2016 Volkswagen Beetle

Consumer Reviews
1 Review
The Car Connection
The Car Connection

The Car Connection Expert Review

Kirk Bell Kirk Bell Senior Editor
April 30, 2016

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features & specs

2-Door Automatic 1.8T Denim
2-Door Automatic 1.8T Denim PZEV
2-Door Automatic 1.8T S
25 city / 34 hwy
25 city / 34 hwy
25 city / 34 hwy

The 2016 Volkswagen Beetle is a versatile retro compact, with a choice of powertrains and coupe or convertible body styles.

The 2016 Volkswagen Beetle mixes the original Bug's design elements with a thoroughly up-to-date front-drive chassis. It has shed some cuteness in the current generation, but still carries the happy look of its ancestors. It may be more of a fashion accessory than a practical choice nowadays, but it's less compromised than it once was.

Wanting to lure in more male buyers, the latest Beetle's look has grown more masculine, especially with the lower, flatter roofline and more upright windshield. At the same time the look is modern, but not in a trendy way. This shape, with its simple but shapely details, should hold up over the years.

Inside, the design is clean and flowing, with rounded rectangles and circles the major themes. Controls are simple, both on the wheel and in the center stack.

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Sold as both a coupe and a convertible, the Beetle offers two engine options. The base engine is a 1.8-liter turbo four that makes 170 horsepower.

For those who like a little more punch, the 2016 Beetle R-Line offers 210 hp from a 2.0-liter turbocharged inline-4. The R-Line replaced the Beetle Turbo for the 2014 model year. Most Beetles are available with a choice of a manual transmission (5- or 6-speed) or 6-speed automatic that comes as either a traditional automatic or a dual-clutch gearbox.

Comfortable and spacious up front—though not all that quiet—the 2016 VW Beetle's cabin is well-laid out and handsome. Front seat occupants have plenty of leg, head, and hip room in both the coupe and convertible. The rear seat will be tight for most passengers. In coupes, trunk space is pretty good. In convertibles, rear seat space is lost to the collapsible wind deflector, if you choose to use it.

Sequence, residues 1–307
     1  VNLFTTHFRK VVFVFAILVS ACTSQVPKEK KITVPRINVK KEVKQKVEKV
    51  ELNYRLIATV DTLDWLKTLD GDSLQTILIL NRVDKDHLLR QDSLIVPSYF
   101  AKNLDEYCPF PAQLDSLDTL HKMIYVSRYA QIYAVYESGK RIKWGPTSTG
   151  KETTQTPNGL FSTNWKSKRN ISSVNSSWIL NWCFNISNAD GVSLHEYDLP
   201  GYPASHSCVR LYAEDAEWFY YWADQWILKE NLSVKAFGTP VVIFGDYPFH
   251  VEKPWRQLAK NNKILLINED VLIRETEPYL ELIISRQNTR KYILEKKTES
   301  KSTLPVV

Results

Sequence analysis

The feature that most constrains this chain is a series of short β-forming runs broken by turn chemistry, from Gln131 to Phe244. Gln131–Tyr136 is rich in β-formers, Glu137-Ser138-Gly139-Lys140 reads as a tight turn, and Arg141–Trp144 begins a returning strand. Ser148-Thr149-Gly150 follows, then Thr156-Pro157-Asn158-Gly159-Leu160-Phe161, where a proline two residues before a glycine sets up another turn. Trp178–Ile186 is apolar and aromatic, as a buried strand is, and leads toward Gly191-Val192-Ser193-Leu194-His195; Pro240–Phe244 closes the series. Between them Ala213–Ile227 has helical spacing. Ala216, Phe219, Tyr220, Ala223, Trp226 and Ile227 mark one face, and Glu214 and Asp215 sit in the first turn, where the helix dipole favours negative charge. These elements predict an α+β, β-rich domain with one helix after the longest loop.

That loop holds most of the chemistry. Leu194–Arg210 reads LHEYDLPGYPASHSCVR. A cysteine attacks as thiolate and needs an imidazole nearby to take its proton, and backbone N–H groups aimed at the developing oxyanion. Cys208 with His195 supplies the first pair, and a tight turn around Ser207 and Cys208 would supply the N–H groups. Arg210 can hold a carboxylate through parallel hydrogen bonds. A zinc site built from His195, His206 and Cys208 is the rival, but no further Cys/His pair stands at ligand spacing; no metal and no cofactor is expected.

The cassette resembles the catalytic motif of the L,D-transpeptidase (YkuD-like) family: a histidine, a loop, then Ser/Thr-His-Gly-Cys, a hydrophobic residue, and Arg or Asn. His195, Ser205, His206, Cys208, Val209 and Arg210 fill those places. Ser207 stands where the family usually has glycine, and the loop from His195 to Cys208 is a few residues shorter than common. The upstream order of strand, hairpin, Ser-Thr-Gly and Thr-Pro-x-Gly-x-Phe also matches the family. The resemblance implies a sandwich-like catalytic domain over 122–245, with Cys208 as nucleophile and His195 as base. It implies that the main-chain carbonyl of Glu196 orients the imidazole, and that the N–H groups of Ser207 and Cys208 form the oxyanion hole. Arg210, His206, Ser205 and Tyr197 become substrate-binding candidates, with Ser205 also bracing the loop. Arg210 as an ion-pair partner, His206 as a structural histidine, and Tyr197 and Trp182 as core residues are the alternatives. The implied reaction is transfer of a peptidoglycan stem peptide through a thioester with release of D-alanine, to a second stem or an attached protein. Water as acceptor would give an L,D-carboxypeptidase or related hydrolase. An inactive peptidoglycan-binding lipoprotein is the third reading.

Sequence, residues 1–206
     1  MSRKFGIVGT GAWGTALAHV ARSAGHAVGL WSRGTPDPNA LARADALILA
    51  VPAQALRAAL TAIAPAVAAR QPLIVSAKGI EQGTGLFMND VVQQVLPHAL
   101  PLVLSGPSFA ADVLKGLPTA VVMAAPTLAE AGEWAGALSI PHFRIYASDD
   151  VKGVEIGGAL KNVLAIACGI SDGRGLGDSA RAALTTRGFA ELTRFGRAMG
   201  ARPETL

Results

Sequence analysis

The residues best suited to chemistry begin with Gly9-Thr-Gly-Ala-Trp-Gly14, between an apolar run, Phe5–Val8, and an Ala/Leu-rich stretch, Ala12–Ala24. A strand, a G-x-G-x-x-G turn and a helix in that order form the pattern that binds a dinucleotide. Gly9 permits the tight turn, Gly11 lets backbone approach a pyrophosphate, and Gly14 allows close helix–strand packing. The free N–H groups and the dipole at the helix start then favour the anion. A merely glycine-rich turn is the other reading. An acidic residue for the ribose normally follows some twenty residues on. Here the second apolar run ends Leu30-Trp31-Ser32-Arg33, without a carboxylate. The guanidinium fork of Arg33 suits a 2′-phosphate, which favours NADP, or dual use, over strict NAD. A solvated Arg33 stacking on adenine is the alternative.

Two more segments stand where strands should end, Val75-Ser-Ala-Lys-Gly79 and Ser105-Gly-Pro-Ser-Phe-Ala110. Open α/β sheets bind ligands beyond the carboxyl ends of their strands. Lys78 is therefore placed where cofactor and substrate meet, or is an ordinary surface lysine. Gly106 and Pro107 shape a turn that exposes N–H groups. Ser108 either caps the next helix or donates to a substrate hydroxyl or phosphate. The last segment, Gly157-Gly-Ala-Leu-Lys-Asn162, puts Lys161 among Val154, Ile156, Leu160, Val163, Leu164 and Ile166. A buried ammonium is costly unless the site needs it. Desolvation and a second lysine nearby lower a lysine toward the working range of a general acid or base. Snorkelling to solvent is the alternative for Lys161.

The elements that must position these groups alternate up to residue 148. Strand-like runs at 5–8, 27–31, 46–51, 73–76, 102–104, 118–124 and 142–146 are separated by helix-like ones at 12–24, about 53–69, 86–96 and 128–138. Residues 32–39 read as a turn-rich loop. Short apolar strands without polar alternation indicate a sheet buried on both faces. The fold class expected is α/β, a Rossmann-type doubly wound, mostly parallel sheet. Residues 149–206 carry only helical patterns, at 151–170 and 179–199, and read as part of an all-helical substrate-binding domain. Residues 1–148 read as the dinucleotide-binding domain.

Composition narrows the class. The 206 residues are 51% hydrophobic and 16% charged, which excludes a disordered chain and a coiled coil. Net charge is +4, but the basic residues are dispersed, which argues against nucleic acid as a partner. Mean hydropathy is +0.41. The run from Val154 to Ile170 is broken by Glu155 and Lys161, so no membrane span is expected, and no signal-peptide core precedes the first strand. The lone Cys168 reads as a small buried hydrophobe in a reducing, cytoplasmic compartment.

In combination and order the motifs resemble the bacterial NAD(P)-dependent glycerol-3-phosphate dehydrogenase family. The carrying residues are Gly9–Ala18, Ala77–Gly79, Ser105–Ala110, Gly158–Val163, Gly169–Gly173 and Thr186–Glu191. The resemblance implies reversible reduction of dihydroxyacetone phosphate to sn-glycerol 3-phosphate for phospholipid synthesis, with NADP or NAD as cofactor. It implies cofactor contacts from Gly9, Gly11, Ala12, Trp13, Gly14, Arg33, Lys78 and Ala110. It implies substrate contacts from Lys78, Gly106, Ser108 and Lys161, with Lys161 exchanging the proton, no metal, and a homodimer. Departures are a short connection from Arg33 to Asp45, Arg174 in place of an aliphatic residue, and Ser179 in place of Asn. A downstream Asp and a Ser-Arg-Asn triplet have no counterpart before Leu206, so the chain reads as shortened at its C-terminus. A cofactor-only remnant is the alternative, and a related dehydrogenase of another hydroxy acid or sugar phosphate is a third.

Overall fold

Volkswagen re-imagines its model lineup for 2016. Beetle 1.8T models now come in S, SE, and SEL trim levels, while R-Line models have SE and SEL trim. VW is also offering a new MIB II infotainment system with 5.0 or 6.3-inch touchscreens and, finally, a USB port.

Base equipment includes 16-inch alloy wheels, a rear spoiler, automatic headlights, an auto-dimming rearview mirror, cloth upholstery, a trip computer, and Bluetooth. R-Lines get 18- or 19-inch wheels, sport suspension, unique front and rear bumpers, front foglights, gloss black exterior trim, red-painted brake calipers, aluminum pedals, and sport seats.

Available tech and equipment upgrades include: navigation, sunroof (coupe), and VW's new Car-Net connectivity system. There are also several retro-style wheels offered, which really help to connect the modern Beetle with the Bugs of yore.

For 2016, Volkswagen added the Beetle Dune to the lineup. The Dune is slightly taller and wider, and sports chunkier styling and 18-inch wheels in a throwback attempt to "Baja Bugs." The Dune is available in coupe and convertible form.

The Beetle hardtop gets a five-star safety rating from the NHTSA, but the convertible has not been tested. The coupe also gets decent scores from the IIHS, but a "Marginal" rating in the small front overlap crash test prevents it from qualifying as a Top Safety Pick. Again, the convertible has not been tested. Standard safety equipment includes all the usual items, but the Beetle doesn't offer many of today's active safety features. It does, however, add an automatic emergency braking system this year that applies the brakes when a collision is detected to reduce the possibility of a second impact and more damage.

The 1.8-liter turbocharged four-cylinder scores 25 mpg city, 34 highway, 28 combined in the coupe with the 5-speed manual transmission or 6-speed automatic. The 210-hp Beetle R-Line coupe has EPA ratings of 24/31/27 mpg with its dual-clutch transmission, and 24/31/26 with its 6-speed manual.


2016 Volkswagen Beetle


The Beetle is one of a kind, wearing a modern take on classic cues.

Much has been made of the more masculine look of the newest car to wear the Beetle name, but in truth, it's just a bit more gender-neutral than the very cute, but also very female-friendly New Beetle. The shape is a clear throwback to the "people's car" of old, with a rounded profile that has a more chopped greenhouse than the previous-generation New Beetle. It's that chopped look that adds a bit of masculinity.